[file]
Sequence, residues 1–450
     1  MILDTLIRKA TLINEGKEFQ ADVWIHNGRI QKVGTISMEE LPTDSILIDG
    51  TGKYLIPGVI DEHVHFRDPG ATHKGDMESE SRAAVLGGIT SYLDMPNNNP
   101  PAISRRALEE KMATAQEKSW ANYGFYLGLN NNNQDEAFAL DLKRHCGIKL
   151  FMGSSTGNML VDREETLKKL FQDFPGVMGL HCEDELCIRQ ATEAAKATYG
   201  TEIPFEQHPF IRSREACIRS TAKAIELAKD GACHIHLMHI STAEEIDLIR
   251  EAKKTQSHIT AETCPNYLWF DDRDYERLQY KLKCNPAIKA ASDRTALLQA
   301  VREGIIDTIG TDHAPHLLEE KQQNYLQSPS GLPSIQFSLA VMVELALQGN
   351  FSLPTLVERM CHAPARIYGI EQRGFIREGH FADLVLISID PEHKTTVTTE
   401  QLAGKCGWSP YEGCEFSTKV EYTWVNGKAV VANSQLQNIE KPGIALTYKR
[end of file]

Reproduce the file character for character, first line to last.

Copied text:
Sequence, residues 1–450
     1  MILDTLIRKA TLINEGKEFQ ADVWIHNGRI QKVGTISMEE LPTDSILIDG
    51  TGKYLIPGVI DEHVHFRDPG ATHKGDMESE SRAAVLGGIT SYLDMPNNNP
   101  PAISRRALEE KMATAQEKSW ANYGFYLGLN NNNQDEAFAL DLKRHCGIKL
   151  FMGSSTGNML VDREETLKKL FQDFPGVMGL HCEDELCIRQ ATEAAKATYG
   201  TEIPFEQHPF IRSREACIRS TAKAIELAKD GACHIHLMHI STAEEIDLIR
   251  EAKKTQSHIT AETCPNYLWF DDRDYERLQY KLKCNPAIKA ASDRTALLQA
   301  VREGIIDTIG TDHAPHLLEE KQQNYLQSPS GLPSIQFSLA VMVELALQGN
   351  FSLPTLVERM CHAPARIYGI EQRGFIREGH FADLVLISID PEHKTTVTTE
   401  QLAGKCGWSP YEGCEFSTKV EYTWVNGKAV VANSQLQNIE KPGIALTYKR